A life just as ordinary

Just like you, but different

Beer – #968 – Good George – Blackberry, Sage And Honey Cream Stout

Good George Blackberry, Sage And Honey Cream Stout. You read that right, it’s a stout with a herb garden added. Actually it’s a Stout with an ice-cream recipe added. They’ve done this kind of thing before have Good George, so this isn’t as odd as it seems, although it is as odd as it sounds.

This is a beer that is 5.2% ABV and at the 24 IBU level, making it about and 158 calories a service size, this  can on 440ml is around 1.7 standard drinks in NZ.

Brewed by Good George Brewing This one is in that style that is a Sweet Stout  and they did that in Hamilton, New Zealand

Duck Duck… Goose

A collaboration with local ice cream heroes Duck Island, this is our version of their popular ice cream flavour.

Smooth, rich and roasty with a hint of sage and lingering berry flavour.

So, What could possibly go wrong?

I brought a new glass, an op-shop find, so it’s inappropriate but it’s new to me and so making it totally appropriate.

Mostly is smells like a chocolate stout, and then theres a dash of a sage or rosemary in there.

Pour is dark but I count raise a head worth mentioning, and ok, well it has a sage or rosemary hint in the aroma in the glass still

It has prickly bitterness, and it’s not very full in the mouth and lacks a bit of middle softness and sweetness is my first impression. Any my second.

I think this is a beer with good intentions, because it’s obviously so. But I think it’s not well executed. Good George seem to veer towards odd stouts for a reason that might not be obvious to an outsider like me, but I think that it’s not a style that lends itself to subtle things like honey, where you’re poking in amongst dark roasted malt or barley to get that stout thing happening.

This is rather a bit of a miss. Might go down well on the beer expo circuit where you get small cups to try, but in the larger form, at home,  the shortcomings are somewhat more obvious. Not having had, or heard of, the aforementioned Duck Island Ice-Cream, which I’m sure is really nice, it’s hard then to be informed or get a measure on if this is a success or not. I’m going with not based on what I know and have in front of me.

It’s not an awful beer, but aside from that sage hint there’s not a lot else to engage. As to the Blackberry, perhaps they meant just the one, because that really is conspicuous by its absence.

Which takes me back to another beer, the Bhang Thandai I had. These are flavours that you don’t get regularly, or often enough for you to be able to measure them in a different setting. You rarely get Sage unless you particularly like a stuffed chicken, and who’s had Ribena lately?

The pdubyah-o-meter rates this as 7 of its things from the thing. I wanted to go 6, but this isn’t awful beer to drink, it’s just pretty much a stock stout, with a hint of a different aroma. Personally I would have gone for a bigger beer, with more underlying bitterness and worked to balance that out, this seems to be a race to the middle, and that’s a bit mediocre.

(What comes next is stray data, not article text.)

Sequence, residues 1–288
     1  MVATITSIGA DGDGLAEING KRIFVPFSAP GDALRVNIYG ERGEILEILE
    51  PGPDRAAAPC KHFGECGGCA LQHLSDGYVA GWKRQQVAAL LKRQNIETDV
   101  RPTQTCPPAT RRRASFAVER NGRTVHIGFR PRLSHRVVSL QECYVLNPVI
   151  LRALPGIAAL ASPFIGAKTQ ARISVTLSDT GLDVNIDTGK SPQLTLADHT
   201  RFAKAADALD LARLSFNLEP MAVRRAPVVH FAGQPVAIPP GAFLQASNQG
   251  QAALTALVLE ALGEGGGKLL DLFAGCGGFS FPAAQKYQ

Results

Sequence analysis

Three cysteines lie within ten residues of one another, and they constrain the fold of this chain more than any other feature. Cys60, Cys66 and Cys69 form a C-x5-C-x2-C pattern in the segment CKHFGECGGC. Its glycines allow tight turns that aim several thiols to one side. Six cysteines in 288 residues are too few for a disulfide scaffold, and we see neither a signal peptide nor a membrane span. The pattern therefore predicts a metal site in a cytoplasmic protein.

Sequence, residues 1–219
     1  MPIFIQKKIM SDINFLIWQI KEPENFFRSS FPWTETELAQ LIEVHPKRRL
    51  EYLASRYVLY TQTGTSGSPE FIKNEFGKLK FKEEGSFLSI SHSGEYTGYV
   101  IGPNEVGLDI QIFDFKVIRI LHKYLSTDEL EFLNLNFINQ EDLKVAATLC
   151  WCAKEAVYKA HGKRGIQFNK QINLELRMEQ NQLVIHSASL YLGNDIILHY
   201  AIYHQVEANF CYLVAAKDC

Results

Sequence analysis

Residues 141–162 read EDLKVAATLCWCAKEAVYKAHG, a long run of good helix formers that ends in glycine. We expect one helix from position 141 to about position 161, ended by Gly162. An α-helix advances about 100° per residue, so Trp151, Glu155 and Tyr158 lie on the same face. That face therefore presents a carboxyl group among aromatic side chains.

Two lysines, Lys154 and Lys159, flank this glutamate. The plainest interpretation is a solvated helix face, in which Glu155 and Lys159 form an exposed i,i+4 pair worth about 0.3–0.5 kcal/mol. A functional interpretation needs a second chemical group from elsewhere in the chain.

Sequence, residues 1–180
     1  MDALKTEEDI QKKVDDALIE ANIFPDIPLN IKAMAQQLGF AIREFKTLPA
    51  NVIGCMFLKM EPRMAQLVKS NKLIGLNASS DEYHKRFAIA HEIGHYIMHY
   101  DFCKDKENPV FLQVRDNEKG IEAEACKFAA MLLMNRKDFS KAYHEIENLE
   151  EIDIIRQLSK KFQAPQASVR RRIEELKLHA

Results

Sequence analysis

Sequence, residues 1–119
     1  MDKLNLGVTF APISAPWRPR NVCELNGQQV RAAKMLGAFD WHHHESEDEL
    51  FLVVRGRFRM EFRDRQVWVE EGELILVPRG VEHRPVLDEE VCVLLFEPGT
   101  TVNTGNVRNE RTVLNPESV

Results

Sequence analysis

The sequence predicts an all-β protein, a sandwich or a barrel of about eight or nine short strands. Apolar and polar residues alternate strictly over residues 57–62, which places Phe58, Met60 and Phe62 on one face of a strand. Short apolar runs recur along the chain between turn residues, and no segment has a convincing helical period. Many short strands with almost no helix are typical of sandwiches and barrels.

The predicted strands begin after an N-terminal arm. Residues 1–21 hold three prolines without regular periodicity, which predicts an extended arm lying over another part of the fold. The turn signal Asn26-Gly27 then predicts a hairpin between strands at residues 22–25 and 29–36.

The double dip review

  • Where did I get it? The local Liquorland.
  • Am I enjoying it? Not for what it is described as, otherwise it’s passable.
  • Would I have another? Not unless they re-work it.
  • Would I share with a friend on a porch and set the world to rights? No. Nothing to see here, at all, move along. Unless you brought the aforementioned ice-cream to have with or besides in a parallel tasting then it might be more obvious. Unlikely though.

Music for this:  Led Zeppelin ” and  ” Celebration Day ”  on the Spotify  

Led Zeppelin were an English rock band formed in London in 1968. The group consisted of guitarist Jimmy Page, singer Robert Plant, bassist and keyboardist John Paul Jones, and drummer John Bonham.

Celebration Day is a concert film by the English rock band Led Zeppelin, recorded at the Ahmet Ertegun Tribute Concert on 10 December 2007

A bit different for me,  but there is some extraordinarily good music on this.


Dark brown to black in colour. Sweet stouts come in three main varieties – milk stout, oatmeal stout, and foreign stout. Milk stouts are made with the addition of lactose, and are sweet, low-alcohol brews. Oatmeal lends a smooth fullness of body to stouts, while foreign stouts are stronger (6.5-8% abv) and have a sweet malt profile and high esters. All of the sweet stouts are noted for their restrained roastiness in comparison with other stouts, and low hop levels.


Leave a Reply

Fill in your details below or click an icon to log in:

WordPress.com Logo

You are commenting using your WordPress.com account. Log Out /  Change )

Facebook photo

You are commenting using your Facebook account. Log Out /  Change )

Connecting to %s

This site uses Akismet to reduce spam. Learn how your comment data is processed.

This is just me being me

I did all this!

Vanity Corner

wordpress visitor

I tweet like a boss

%d bloggers like this: